Second, in statecraft, learning matters. Kishida, who served as Abe’s foreign minister for five years, understands the demands—and the benefits—of multilateral coalition-building. Patient bilateralism did not pay off with Putin’s Russia; Abe once thought he would be able to solve the long-standing territorial dispute that has prevented Tokyo from signing a post-World War II peace treaty with Moscow. But Kishida has drawn a line at blatant aggression.
Third, popular support for Kishida’s strategy has remained high. Russia’s contempt for the global rules-based order has not only spurred Japanese government action, but also strong sympathy for Ukraine among the Japanese people. Russian aggression has also increased Japanese awareness that diplomacy alone could be insufficient to address the world’s rising tensions. The United States and Japan will need to act in concert with democracies around the globe to develop the military capability to enhance their defenses.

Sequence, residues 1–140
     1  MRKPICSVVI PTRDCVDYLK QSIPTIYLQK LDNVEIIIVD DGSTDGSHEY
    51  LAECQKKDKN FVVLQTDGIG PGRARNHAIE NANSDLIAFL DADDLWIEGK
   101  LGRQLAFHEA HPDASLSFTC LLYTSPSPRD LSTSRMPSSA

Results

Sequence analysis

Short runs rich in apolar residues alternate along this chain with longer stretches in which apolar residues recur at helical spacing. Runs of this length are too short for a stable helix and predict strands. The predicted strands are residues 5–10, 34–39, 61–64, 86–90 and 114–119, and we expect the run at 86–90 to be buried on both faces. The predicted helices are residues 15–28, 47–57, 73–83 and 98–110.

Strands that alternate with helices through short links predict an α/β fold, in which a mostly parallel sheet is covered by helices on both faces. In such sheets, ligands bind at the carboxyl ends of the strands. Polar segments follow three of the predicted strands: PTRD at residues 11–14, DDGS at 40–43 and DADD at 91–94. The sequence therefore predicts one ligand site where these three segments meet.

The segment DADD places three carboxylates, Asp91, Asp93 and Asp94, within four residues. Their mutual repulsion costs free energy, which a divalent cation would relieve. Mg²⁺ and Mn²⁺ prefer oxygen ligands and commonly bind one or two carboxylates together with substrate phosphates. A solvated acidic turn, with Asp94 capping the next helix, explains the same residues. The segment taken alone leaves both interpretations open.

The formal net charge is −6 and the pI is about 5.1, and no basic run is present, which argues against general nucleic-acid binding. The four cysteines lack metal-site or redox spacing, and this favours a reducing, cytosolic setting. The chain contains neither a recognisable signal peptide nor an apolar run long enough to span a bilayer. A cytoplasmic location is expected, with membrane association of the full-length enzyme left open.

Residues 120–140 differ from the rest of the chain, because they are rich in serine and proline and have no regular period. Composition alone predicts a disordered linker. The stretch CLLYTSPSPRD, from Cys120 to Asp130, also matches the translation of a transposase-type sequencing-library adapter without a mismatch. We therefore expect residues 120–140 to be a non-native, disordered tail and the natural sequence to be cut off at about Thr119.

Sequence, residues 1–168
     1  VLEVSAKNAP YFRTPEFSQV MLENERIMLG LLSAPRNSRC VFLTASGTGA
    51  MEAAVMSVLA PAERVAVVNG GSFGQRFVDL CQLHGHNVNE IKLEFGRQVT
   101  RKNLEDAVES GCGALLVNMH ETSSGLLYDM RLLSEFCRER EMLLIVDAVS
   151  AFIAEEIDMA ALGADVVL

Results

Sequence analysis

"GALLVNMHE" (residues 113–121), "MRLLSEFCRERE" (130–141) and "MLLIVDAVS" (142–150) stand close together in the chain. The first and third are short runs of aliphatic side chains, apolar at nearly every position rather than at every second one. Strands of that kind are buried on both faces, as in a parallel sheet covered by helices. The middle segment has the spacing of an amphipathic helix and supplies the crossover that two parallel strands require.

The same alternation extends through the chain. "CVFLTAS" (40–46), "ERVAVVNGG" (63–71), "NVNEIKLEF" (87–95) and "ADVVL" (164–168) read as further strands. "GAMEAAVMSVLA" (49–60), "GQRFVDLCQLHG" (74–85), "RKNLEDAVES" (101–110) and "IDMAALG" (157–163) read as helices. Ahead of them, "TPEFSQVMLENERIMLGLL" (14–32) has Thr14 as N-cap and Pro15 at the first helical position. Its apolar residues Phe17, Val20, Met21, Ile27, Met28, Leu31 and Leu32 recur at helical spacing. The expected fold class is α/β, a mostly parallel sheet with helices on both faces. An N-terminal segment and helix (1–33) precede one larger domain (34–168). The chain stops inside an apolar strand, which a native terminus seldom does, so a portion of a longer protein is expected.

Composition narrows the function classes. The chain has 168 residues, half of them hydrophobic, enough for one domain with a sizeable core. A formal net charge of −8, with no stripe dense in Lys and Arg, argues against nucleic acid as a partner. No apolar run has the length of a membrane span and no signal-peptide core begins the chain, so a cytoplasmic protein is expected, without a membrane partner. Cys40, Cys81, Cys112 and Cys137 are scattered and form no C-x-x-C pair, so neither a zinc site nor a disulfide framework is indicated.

Weighty Agenda at Hiroshima
So, what should the world expect from the G7 meeting in Hiroshima? Three focal points are likely:
Support for Ukraine. The first, and most obvious, will be a reassertion of shared interest in supporting Ukraine and bringing peace to Europe. In his G7 tour earlier this year, Kishida made clear that the next steps should continue to emphasize the liberal democratic values that merged G7 coordination at the war’s beginning. Tokyo would also like to ensure that governments around the globe—particularly in lower-income countries, also known as the Global South—understand the monumental stakes of the war.
Existential threats. Second, the G7 will consider its broader agenda. Expect climate change to be an area of concern, but also expect Japan to remind the world of the need to confront its worst fear: the proliferation of nuclear weapons. Here again, the Ukraine conflict will inform the conversation. No one has missed Putin’s threats to use nuclear weapons should the conflict in Ukraine not go Russia’s way. While it may seem passé to call for a world without nuclear weapons, there is fresh impetus for a renewed international effort to mitigate the possibility of nuclear weapons use. As the only country to suffer a nuclear attack, Japan is unique in understanding the horrific consequences.